“Our affinity for language makes us human. We are never better than when we use words clearly, eloquently, and civilly.”  David W. Orr


Easily Confused Words – Part 2


Among, Between: The traditional rule requires between to be used only for sentences involving two items and among for sentences involving more than two, as in the following:

            He sat between his new bride and his mother-in-law.

            The bridal bouquet landed on the floor among all the single girls.

However, Jan Vanolia, in Write Right, suggests that if followed too stringently it could lead to the absurdity of “She traveled among Santa Fe, Taos, and Albuquerque.”  She suggests using between when individual relationships are emphasized and the number is unspecified (he appeared between acts) and use among with unspecified numbers if individual relationships are not emphasized (discontent among the employees.) (p. 129).


I, Me, Myself:  I is in the subjective case and should be used when it is the subject of the sentence. Me is in the objective case and should be used when it is the object of the action or thought conveyed by the verb or the object of a preposition.

My sister and I went shopping at Target with our mother. (subject)

Mom was looking for Easter dresses and shoes for my sister and me. (object of preposition “for”)

Myself  is used for emphasis (“I, myself, will accomplish that task.”) Or as a reflexive (I hurt myself  falling down the steps.) Never use myself as a substitute for I or me.

            Wrong: The money was given to my partner and myself.

Right:  The money was given to my partner and me.


Loose, Lose: Loose is an adjective meaning unrestrained or not fastened. Lose is a verb that is the opposite of win and find. I think most people know the difference between these words in speech, but they often use the incorrect spelling in their writing.

            If I don’t sew up the hole in my pocket, I will lose all of my loose change.


Principal, Principle: Principal can be an adjective or a noun. As an adjective, it refers to one who is first or foremost in importance, rank or worth, as the principal dancer in the ballet or the principal character in a film. As a noun, it’s the person who holds a high position, especially the head of an elementary or high school; the main participants in a business deal; an actor in a starring role; or a sum of money owed as a debt.

            One of the principal characters in Gone with the Wind is Scarlett O’Hara. (adjective)

The students who were involved in the prank had to speak to the principal.. (noun)

Principle is a noun that refers to a basic truth or statement, especially a system of beliefs or ideals. (The Senator swore to uphold the principles of democracy.) It may also refer to a rule or standard, especially of good behavior. (The Eagle Scout was a young man of principle.) Or it could be a statement describing the functioning of natural phenomena or mechanical processes, such as the Heisenberg Uncertainty Principle, which says “it is impossible to measure both the speed and position of an object at the same time.”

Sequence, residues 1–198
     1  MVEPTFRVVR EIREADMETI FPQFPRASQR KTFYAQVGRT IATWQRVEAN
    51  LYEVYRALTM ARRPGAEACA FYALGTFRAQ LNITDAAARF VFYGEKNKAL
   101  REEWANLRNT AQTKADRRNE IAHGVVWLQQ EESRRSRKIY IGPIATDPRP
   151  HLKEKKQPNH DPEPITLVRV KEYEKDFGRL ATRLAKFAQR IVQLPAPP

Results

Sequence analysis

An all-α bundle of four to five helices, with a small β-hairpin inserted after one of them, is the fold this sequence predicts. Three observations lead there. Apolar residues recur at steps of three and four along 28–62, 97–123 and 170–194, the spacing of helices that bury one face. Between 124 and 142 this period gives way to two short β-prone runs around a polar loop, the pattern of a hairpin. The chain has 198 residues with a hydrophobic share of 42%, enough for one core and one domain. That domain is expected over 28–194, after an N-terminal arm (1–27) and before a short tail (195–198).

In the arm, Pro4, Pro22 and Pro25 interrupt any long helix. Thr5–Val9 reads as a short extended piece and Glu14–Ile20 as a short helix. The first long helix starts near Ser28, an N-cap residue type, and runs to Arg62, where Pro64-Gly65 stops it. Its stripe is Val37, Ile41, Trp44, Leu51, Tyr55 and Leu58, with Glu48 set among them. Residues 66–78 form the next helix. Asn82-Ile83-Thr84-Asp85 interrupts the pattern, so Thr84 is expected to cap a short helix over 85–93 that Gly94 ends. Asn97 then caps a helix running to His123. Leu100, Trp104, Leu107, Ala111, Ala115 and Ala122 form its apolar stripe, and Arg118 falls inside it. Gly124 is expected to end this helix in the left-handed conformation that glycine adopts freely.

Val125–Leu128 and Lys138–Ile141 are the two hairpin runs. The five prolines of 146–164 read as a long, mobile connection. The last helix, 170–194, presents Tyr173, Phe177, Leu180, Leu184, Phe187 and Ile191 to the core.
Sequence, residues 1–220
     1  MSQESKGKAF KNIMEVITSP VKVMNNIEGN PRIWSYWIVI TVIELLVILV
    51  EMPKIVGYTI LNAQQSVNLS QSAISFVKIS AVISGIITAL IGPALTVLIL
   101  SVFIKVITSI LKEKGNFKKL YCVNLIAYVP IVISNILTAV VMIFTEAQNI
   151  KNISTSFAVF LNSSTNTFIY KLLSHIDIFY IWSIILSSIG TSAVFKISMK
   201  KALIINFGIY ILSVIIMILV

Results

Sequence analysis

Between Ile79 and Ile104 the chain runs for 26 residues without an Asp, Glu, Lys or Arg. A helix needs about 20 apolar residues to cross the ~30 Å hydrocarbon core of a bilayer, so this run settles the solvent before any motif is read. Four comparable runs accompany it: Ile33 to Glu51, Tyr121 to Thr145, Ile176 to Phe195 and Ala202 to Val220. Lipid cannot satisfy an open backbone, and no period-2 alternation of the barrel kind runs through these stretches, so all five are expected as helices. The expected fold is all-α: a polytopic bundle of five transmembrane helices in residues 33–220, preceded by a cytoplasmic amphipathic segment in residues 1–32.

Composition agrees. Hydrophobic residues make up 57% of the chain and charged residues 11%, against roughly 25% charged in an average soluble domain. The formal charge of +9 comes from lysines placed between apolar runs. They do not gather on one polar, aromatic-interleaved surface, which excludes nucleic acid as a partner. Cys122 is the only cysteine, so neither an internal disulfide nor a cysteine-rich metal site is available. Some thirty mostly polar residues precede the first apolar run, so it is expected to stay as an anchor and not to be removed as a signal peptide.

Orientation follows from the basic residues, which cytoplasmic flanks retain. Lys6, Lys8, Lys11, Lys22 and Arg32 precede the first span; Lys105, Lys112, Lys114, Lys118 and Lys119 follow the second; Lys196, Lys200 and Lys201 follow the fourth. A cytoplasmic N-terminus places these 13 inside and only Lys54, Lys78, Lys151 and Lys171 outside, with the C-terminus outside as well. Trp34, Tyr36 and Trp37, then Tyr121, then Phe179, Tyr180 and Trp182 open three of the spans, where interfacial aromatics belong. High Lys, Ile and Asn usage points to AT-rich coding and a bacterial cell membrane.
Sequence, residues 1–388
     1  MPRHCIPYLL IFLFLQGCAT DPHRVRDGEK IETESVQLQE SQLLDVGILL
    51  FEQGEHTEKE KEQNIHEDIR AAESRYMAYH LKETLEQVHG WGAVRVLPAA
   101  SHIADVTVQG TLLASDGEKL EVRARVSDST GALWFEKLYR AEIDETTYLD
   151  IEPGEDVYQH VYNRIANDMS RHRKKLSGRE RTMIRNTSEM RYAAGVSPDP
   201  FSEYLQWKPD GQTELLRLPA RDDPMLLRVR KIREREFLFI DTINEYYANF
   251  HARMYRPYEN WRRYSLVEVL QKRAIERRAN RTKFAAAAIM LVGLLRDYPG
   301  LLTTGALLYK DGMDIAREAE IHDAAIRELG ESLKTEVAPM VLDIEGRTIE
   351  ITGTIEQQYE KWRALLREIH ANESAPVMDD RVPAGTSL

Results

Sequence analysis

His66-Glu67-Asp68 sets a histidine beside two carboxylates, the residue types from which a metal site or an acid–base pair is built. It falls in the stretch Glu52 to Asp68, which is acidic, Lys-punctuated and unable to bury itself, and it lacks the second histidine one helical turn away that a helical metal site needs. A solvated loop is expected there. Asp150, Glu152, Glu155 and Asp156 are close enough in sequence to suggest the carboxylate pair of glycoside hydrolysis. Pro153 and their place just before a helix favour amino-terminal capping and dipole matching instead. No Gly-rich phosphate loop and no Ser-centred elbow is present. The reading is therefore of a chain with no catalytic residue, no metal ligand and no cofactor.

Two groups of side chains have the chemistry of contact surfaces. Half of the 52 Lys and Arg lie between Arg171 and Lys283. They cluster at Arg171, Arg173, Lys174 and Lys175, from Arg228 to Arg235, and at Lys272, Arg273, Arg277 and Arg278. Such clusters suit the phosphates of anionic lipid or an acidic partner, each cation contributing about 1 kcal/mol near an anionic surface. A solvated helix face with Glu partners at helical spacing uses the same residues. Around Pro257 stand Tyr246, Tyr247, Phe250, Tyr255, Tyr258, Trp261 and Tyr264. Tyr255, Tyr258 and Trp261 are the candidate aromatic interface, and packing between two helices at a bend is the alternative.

There, There’s, Their, They’re:  These four words are frequently misused or misspelled on signs, online in posts or in texts. There can be an adverb (in or at that place—over there) or an adjective when used for emphasis (those men there can tell you). Their is a possessive adjective (their furniture). They’re is a contraction of they + are (they’re going home).

There’s is a contraction of there + is and is often misused with plural nouns:

Wrong: There’s three reasons.

Right: There are three reasons

 

 

 

 

 


To, Too, Two:  These three words are also often misused in writing, both in articles or in online content.

To is a preposition indicating action toward a person, place, or thing (drove to the city). It can also be an adverb used as a function word indicating direction toward (feathers wrong end to) or (run to and fro).

Too is an adverb meaning also (take the flowers too) or excessive (the house was too big for us).  It can also mean very, as in I don’t think she was too interested in the play.

Two is an adjective meaning one more than one in number.  She had two cookies and a piece of candy.

A patron, seeing the sign on the left, asked them to fix the typo. The new version is on the right. I would like to see a period after “cook” and an exclamation mark at the end of the text, but that’s probably asking too much!

 

More confusing and misused words will appear in “Easily Confused Words-Part Three.”

Resources

Editors of the American Heritage Dictionaries. 100 Words Almost Everyone Confuses and Misuses. Boston: Houghton Mifflin Harcourt Publishing Company, 2016.

Venolia, Jan. Write Right! A Desktop Digest of Punctuation, Grammar, and Style. 4th Edition. Berkley: Ten Speed Press, 2001.

 

Karen Schuster, May 26, 2020

www.Eagle-Eye-Editing.com

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